For us at least, marriage isn’t about us at all. That’s why we’re not particularly concerned about what people call our relationship or how they define it; we understand and know and trust our commitment to each other. But I’m writing here about wanting to become a mother, and our social workers have clearly told us that they think I could be an excellent mother. I’m also writing here about having to become a mother while remaining, technically speaking, just some random adult who happens to live with that child.
Everyone involved in adoption knows about the painful/tacky/common question of who’s a REAL mother. I want to be real, and not in a Velveteen Rabbit sense that a child loves me enough to pretend me into reality. I think Lee and I have the potential to create a great family and I want that family to have recognition. I want my someday children to have two loving parents even if they are two loving girl parents. That’s the reality we’re creating, but we’re trapped in a state where the rules tell us we’re not good enough even though the social workers and children’s advocates disagree.
In California next week, voters have a chance to support families like the one I’m trying to create. I’m not religious and I’d really prefer a system in which everyone who wants them has civil unions registered with the government and then marriages only happen in religious contexts according to whatever guidelines each religion has. Despite what some proponents of Proposition 8 say, voting NO against banning same-sex marriage won’t force churches to marry anyone who wants to set an appointment. Voting NO just says that same-sex couples can get the same wacky gifts they’d never register for from distant relatives that opposite-sex ones can. Voting NO means couples like us who want security for our children can get it, because there are already families — real families — like the one we’re creating that need support.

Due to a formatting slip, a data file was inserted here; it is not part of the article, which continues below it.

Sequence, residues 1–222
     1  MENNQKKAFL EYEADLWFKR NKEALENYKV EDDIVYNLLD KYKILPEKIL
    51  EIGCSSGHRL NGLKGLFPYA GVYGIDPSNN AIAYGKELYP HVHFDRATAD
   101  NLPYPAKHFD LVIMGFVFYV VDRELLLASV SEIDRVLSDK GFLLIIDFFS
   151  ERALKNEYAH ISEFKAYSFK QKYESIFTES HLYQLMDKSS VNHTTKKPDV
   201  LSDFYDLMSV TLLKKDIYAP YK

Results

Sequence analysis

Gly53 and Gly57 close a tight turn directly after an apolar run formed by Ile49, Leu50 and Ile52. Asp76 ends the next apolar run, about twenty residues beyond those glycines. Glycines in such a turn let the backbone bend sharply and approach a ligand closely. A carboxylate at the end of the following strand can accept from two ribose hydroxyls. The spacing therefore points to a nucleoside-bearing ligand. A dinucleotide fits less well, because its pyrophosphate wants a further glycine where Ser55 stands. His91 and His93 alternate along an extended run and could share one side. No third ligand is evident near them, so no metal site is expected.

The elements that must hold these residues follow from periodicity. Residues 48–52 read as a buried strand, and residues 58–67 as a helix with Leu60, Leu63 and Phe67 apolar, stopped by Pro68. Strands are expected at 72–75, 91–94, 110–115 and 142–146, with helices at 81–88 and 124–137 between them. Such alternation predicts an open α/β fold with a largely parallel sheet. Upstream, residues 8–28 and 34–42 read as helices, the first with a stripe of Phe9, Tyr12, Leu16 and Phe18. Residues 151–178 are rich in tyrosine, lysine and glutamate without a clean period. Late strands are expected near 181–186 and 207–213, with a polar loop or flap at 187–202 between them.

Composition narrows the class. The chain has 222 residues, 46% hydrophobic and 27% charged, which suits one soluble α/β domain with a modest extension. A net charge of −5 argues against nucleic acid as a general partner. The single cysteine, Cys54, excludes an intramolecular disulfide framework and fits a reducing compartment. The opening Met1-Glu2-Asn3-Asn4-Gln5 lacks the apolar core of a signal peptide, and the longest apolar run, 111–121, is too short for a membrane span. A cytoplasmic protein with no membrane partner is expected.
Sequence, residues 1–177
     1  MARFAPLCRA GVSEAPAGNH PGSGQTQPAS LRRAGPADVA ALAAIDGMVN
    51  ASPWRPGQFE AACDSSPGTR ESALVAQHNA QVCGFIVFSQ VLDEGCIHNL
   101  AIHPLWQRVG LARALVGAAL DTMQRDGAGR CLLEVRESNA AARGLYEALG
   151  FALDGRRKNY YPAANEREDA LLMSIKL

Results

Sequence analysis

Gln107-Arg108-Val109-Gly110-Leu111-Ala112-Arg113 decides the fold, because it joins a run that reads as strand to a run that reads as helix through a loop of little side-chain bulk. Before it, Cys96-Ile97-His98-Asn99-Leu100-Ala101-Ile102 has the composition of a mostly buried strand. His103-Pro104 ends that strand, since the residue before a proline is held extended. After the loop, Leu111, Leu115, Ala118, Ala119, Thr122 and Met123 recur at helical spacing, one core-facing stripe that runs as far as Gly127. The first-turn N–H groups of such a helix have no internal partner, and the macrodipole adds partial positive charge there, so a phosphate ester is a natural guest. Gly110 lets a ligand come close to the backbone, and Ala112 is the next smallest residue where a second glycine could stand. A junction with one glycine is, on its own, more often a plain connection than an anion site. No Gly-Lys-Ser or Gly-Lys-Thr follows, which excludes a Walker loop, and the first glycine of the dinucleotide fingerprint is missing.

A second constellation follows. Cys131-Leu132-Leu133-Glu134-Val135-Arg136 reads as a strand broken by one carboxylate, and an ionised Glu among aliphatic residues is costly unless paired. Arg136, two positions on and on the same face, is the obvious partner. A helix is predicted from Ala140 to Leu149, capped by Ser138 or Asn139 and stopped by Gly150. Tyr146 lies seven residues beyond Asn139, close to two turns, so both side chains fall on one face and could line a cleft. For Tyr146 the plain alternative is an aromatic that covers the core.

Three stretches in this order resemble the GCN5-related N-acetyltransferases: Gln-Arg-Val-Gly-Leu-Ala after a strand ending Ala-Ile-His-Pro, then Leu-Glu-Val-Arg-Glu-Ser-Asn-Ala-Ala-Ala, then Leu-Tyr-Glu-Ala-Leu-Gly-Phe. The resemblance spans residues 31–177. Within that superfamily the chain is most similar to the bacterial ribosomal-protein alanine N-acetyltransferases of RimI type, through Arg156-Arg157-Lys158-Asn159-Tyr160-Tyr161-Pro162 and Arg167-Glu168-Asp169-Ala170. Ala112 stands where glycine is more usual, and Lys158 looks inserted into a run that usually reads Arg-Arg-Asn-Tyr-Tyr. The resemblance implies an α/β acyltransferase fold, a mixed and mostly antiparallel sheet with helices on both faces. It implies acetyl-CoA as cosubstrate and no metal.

Lee had a dream about Ezra — the six-year-old our social worker thinks would be a good fit for us — the other night. If Ezra becomes our child, what I wrote in our “dear birthmother” letter will be true: he’ll have lots of REAL mothers — his first mother, a longtime loving foster mother, and two adoptive mothers in Lee and me. Regardless of what the law says, we’ll all be part of his history and reality. We’ll all be real. I support changes in the law that would give him access to his REAL birth certificate rather than the falsified one we’d get saying Lee gave birth to him. I support common-sense ethical parenting that would let him stay in touch with the woman who’s raised him these last three years. I support changes in the law that would protect our family, give us the rights that other committed couples have, make me REAL. If you care enough to read what I have to say hope you do too. In California, vote NO on Proposition 8; in the rest of the country keep pushing for justice reforms. And keep it real.